Hyperarousal is associated with food allergy and many patients report restless dysphoria. Skin itching may be the beginning of this hyperarousal. Itching progresses to squirming, pacing, restless legs and agitation. More generalized internal itchiness and restlessness is also reported and may be extreme enough to motivate bizarre behaviors and agitated searches for relief. A cruel paradox of sleepiness accompanied by restless dysphoria is often experienced at night while the evening's food and drink are being processed in GIT and wrong materials trickle into the bloodstream. The sleep disturbances of food allergy are usually accompanied by physical symptoms.

    Memory Disorders

    Arousal disturbances are often associated with memory disturbances. In the food allergy complex, patients routinely report interference with memory. Recent memory is often first involved. Little details, familiar names and numbers, even common words just drop out. The ability to sequence tasks is disrupted by forgetting what you just did or were supposed to do. If you cannot remember what you just did or wanted to do, cognitive performance is impaired, you become disorganized and life becomes very difficult. In children, attention deficits are associated with disruption of recent memory. Learning is impaired by the inability to recall the most recent events. Reading, for example, requires words just recognized to be held briefly in recent memory storage so that the meaning of whole sentences and then paragraphs can be assembled. If short-term memory storage fails to work properly, you cannot read and understand.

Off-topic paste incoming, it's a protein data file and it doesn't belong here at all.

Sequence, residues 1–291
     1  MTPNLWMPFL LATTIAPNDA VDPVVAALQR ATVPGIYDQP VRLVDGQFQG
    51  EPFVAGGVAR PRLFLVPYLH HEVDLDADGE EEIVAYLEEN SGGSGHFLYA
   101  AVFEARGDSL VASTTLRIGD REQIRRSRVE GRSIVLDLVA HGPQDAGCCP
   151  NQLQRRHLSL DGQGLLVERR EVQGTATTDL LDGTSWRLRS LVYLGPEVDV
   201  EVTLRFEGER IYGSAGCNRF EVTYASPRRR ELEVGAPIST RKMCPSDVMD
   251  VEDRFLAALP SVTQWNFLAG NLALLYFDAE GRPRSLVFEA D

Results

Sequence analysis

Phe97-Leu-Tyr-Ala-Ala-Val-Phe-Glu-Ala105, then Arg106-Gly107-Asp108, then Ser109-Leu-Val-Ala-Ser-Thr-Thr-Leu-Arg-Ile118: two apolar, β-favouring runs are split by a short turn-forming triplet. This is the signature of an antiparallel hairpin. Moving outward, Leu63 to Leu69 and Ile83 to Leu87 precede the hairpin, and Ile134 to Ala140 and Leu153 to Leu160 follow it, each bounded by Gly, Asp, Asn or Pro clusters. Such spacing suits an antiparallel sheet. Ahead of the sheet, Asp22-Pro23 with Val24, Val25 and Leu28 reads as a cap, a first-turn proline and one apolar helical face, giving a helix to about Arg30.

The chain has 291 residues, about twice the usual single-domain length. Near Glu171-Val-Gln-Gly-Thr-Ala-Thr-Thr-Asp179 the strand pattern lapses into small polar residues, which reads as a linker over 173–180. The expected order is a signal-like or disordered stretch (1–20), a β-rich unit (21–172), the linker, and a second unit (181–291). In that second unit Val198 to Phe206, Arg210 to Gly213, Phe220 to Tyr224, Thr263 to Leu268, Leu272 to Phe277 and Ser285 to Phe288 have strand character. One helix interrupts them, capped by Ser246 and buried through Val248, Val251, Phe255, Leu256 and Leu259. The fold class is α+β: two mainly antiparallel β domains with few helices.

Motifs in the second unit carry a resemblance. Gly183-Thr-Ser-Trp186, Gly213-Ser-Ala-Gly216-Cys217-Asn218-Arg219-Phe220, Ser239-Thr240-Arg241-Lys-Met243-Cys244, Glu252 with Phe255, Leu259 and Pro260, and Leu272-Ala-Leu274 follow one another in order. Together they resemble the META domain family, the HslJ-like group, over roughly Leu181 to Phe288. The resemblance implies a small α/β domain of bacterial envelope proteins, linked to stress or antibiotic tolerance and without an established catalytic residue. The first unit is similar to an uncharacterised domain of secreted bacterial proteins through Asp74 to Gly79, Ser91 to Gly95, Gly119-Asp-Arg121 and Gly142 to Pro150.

The physical procedures involved in storing and retrieving memories seem to involve a sequence of biochemical steps, some of which require structural changes in the brain. If protein synthesis in the brain is blocked, long-term memory is impaired. A stream of molecules, originating in the food supply and then passing through the brain, will either facilitate the brain changes required for memory or interrupt them. Of the many problems in the food supply discussed in this book, we think the most important for causing memory malfunction are food allergy, alcoholic beverage abuse, malnutrition, toxicity of chemical contaminants, coffee and prescription drug use.

    The Alpha Nutrition Program is designed to improve chronic fatigue and related disorders. The most definitive clearing program is a food holiday, using an elemental nutrient formula (Alpha ENF), composed of nutrients in their pure form with no other food intake. Alpha ENF allows a sick person to return to a baseline of normal functioning, without the intake of numerous adverse substances that may have been present in their food supply.